I’ve been talking and giving refs about Return Oriented Programming as one of the main techniques to build exploits in the current “net era” (here). Today I want only share some general principles that often people tend to confuse (writing me tons of FB messages šŸ˜› ). Probably next days I’ll post something more on Gadgets exploiting.

Some general principles to keep in mind while thinking/using/writing about ROP.
  1. ROP exploiting techniques doesn’t bypass ASLR protection but contrary are really useful for bypassing DEP (NX bit).
  2. The ROP gadgets are little piece of code spread in executable memory found by misalign code segment.
  3. Since DEP (NX bit) does not allow you to execute code from stack, hijacking EIP to your gadgets means to execute Gadget’s code.
  4. There are many ways to use gadgets theoretically you might use gadgets to directly build on your memory a malware. ROP is Turing complete, but this takes so many time… Usually attackers use gadgets to disable DEP (NX bit) (like for example calling VirtualProtect() ) or to move the payload (typically a shellcode) into executable memory (like HEAP ).
  5. Every gadget must be driven from stack. So they need to return with a RETN.
  6. In order to move from Gadget to Gadget you have to use your ESP as your EIP. This is possible by using RETN. Here you have to remember that RETN = POP IP, which move ESP a word below (higher memory address space).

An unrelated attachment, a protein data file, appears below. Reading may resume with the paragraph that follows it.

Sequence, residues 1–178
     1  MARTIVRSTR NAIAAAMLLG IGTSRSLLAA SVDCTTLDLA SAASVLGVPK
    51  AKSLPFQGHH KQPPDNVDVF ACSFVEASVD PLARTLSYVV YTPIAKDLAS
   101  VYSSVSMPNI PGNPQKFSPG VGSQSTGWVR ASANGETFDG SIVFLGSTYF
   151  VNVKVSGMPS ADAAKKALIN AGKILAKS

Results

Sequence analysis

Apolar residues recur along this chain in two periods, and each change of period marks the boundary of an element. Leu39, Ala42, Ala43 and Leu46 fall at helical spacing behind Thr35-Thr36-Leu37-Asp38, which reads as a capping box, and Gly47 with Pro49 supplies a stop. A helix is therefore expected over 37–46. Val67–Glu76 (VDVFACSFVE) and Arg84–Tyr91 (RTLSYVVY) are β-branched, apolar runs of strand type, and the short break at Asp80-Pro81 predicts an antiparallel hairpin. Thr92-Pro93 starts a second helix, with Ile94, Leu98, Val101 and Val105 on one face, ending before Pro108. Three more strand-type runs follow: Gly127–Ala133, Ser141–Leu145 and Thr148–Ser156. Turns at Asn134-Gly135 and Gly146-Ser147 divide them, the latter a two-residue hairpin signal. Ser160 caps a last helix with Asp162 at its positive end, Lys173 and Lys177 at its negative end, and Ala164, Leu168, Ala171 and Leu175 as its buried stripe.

7. By chaining two or more gadgets you are building a gadget’s chain which will dynamically (by meaning of directly into the memory) overwrite the right parameters the stack.
  8. You always need to overflow something (lets say a stack). You always need to point to your starting gadget’s chain, and you always need to put your favorite shallcode on memory.
  9. You might think to have two different chains of gadgets: (a) a preparatory chain which sets right values for the “execution functions” (for example VirtualProtect() ) and (b) gadgets that will effectively do what you want to do (again VirtualProtect example “(b)” ).
  10. Speaking about addresses, you always need to overwrite the first time EIP by overflowing, and you need to find the way to point to your ESP. You might do that by addressing directly to ESP (no ASLR) or using different techniques to JMP ESP (ASLR) like for example SEH or brute force (using NOPs).
  11. After the second chain of gadgets has been reached, the return address of the second gadget’s chain (VirtualProtect()) must be the starting address of your shellcode.
I hope to have given you (all of you interested on ROP) some quick answers to better understand how ROP works. In the practice you will find much more issues like “padding gadgets” (each gadget with more then one POP) little-endian convention, NULL bytes issues, chaining issues, addresses issues and so forth… As soon as I find much time I will post a simple example of ROP, hoping to further clarify Gadget’s exploiting process .

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